What is it about?
We evaluated the effect of estrogen receptor (ER)-α and ER-β genes polymorphisms on development of prostate cancer (PCa) and its correlation with serum reproductive hormones and with clinicopathological characteristics.
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Why is it important?
Prostate cancer (PCa) is the most common cancer with as many as 500 000 new cases each year. An estimated 28 660 men in the USA lost their lives because of this malignancy in 2008. The reported PCa detection rate in Iranian men is between 3.6% and 3.8%. Genetic susceptibility is implicated in the etiology of PCa in as much as 40% of all cases. Despite numerous epidemiological and experimental studies, the role(s) of estrogen in the pathogenesis of PCa remains poorly understood. Estrogens have been implicated in the stimulation of aberrant prostate growth, control of cell growth and programmed cell death in PCa cells [6,7]. The exact role of estrogens on prostate epithelium is still mainly controversial although estrogens have been used in the treatment of PCa because of their growth-inhibitory effects. Nowadays, transdermal estrogen patches as a first-line treatment option in patients with locally advanced or metastatic PCa are in phase II trials. Recently, estrogens have been concerned as potential agents in the development and progression of PCa.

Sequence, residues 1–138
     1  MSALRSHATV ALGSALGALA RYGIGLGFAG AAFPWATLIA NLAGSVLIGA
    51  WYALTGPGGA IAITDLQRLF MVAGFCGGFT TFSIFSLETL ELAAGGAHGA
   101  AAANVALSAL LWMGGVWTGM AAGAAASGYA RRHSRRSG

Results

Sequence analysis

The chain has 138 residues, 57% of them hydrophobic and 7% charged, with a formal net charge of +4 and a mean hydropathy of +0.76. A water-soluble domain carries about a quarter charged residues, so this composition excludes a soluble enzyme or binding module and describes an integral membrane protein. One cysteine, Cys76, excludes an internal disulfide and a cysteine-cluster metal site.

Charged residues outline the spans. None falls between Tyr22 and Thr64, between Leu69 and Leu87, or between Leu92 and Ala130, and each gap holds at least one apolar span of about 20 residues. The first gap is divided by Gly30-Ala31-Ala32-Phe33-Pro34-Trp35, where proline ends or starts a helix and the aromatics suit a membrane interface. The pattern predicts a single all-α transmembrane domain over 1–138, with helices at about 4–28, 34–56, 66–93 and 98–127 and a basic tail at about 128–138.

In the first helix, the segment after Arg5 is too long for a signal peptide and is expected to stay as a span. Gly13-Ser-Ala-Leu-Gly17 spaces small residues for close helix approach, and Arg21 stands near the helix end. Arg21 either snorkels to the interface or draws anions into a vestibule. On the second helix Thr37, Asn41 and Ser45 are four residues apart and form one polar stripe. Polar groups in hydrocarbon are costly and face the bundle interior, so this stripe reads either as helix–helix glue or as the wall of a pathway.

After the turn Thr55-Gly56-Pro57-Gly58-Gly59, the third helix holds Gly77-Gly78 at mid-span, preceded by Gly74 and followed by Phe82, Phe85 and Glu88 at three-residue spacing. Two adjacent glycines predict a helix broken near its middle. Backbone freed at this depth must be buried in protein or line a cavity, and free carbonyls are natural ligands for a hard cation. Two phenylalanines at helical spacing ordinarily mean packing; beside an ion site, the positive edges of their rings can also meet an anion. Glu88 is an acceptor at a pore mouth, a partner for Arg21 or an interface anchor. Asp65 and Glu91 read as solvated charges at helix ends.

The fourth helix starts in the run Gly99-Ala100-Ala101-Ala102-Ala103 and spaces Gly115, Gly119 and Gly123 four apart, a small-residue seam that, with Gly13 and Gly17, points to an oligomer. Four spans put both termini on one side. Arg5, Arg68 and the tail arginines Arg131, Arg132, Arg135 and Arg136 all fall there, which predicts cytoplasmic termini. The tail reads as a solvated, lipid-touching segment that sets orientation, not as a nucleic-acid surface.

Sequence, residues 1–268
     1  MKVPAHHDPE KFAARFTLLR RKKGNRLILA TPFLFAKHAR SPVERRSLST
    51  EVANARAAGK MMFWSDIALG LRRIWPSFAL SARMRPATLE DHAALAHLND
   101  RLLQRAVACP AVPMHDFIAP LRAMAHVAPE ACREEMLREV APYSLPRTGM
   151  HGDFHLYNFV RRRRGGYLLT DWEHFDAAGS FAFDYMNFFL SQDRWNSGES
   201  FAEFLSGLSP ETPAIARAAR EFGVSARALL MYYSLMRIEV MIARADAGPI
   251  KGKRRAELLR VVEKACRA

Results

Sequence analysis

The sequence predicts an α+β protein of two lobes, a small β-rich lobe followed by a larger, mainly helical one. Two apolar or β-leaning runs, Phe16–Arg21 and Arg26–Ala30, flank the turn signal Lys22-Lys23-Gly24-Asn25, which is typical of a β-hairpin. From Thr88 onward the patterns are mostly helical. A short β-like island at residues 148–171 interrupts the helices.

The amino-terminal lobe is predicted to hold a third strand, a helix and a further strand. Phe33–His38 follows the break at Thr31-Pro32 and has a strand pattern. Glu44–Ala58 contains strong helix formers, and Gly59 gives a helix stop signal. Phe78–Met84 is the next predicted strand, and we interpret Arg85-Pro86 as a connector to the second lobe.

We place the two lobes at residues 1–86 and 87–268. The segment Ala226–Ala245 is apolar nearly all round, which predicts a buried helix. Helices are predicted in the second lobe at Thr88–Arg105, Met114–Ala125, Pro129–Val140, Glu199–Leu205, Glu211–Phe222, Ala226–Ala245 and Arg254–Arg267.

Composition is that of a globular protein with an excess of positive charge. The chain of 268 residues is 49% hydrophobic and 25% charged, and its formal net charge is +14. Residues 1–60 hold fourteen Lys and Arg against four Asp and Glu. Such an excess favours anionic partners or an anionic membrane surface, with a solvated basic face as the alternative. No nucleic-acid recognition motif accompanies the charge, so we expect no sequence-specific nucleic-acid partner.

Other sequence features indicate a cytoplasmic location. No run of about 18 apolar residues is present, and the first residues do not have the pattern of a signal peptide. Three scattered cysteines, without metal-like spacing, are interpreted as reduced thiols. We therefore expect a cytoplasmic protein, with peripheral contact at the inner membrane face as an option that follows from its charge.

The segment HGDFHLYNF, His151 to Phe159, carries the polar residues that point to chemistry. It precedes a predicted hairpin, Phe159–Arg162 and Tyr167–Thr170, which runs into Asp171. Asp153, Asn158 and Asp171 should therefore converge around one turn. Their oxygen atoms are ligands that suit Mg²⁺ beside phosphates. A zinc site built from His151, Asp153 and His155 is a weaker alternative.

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This page is a summary of: Estrogen receptors alpha (rs2234693 and rs9340799), and beta (rs4986938 and rs1256049) genes polymorphism in prostate cancer: Evidence for association with risk and histopathological tumor characteristics in Iranian men, Molecular Carcinogenesis, January 2012, Wiley, DOI: 10.1002/mc.21870.
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